What is a dam?
A dam is a wall-like structure that’s built across a creek or a river to block the flow of water through the landscape. When it rains, water builds up behind the dam, creating an artificial lake or reservoir.
A dam allows water flow to be regulated and controlled by gates or spillways. A dam usually doesn’t allow water to go over the crest (which is the top).
At WaterNSW, we operate and manage over 40 dams across NSW.
Dams can be built from a combination of earthfill, rockfill, concrete or stone. Dams need to be strong enough to hold back the force of the water that pushes against them, which means they’re very strong!
What are the purposes of a dam?
We all need water to survive which means dams are a vital resource.
Dams supply water for:
- flood mitigation
- town water supply.
What is a weir?
A weir is a small barrier built across a stream or river to control and raise the water level slightly on the upstream side; it’s like a small-scale dam. A weir allows water to flow over the crest or sometimes underneath some sections.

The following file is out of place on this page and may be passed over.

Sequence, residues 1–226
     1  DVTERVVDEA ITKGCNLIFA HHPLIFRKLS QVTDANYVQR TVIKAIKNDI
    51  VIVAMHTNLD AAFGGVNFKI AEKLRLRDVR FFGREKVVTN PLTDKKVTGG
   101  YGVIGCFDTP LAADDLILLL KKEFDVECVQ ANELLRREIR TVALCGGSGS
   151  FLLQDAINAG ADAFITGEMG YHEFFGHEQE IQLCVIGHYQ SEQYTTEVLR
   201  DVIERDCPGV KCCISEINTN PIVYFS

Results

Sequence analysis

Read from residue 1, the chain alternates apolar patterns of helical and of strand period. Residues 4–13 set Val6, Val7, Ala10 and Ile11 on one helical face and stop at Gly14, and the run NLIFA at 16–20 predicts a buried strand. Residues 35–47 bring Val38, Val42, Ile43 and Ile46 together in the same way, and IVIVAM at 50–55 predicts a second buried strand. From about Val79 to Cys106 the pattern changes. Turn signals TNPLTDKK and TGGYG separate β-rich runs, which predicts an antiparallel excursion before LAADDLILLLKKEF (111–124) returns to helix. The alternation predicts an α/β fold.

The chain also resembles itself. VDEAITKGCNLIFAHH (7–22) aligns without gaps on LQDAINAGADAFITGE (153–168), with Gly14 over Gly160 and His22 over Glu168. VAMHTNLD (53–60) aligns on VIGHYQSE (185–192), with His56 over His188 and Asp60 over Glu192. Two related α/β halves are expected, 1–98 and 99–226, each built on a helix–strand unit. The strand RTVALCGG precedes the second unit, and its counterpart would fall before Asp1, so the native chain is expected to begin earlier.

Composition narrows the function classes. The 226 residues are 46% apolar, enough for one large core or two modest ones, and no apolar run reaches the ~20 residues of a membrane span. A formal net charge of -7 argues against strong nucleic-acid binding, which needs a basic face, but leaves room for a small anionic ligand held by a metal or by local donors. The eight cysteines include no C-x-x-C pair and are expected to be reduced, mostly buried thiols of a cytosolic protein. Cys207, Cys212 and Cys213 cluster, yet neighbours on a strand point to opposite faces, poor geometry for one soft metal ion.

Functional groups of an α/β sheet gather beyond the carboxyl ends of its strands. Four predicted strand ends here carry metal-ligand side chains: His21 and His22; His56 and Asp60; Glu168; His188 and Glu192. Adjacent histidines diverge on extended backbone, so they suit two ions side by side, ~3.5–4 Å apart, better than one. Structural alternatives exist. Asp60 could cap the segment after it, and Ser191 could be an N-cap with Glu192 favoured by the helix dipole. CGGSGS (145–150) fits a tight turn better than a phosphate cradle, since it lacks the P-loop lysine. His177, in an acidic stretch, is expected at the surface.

Weirs are usually made of concrete or steel. Some older weirs were also made from natural rock and compacted soil-fill to create a barrier to hold water.
Fact: The word ‘weir’ comes from the old English word ‘wer’ which means ‘to defend or dam’.
What are the purposes of a weir?
A weir has a very important purpose in the water supply system. This is because a weir is used to prevent flooding, measure water flow and hold water. This water can be used in:
There are over 3000 weirs in NSW! One of the oldest weirs in NSW are the ancient stone fish traps made by the Ngaemba People of Brewarrina on the Barwon River.
While weirs are commonly used for recreational activities like fishing or kayaking, they can be dangerous. Water coming out of the weir can cause a circulation of water known as a hydraulic jump, which can hold swimmers and canoeists under the water.
Both weirs and dams require regular maintenance to operate efficiently and safely. At WaterNSW, we continuously monitor and check our dams and weirs.
Dam maintenance is a complex process. As water naturally seeps through the dam foundation, this can create “uplift” pressure on the dam which must be able to escape so that it doesn’t cause instability.
Additionally, the area around an earthfill or rockfill dam must be kept clear of trees. This is important as when a tree dies, its roots rot and can form a “pipe” or seepage pathway. Water seeping through a pipe has the potential to lead to dam failure.
WaterNSW acknowledges the traditional custodians of the lands and waters on which we work and pay our respects to all elders past, present and emerging. Learn more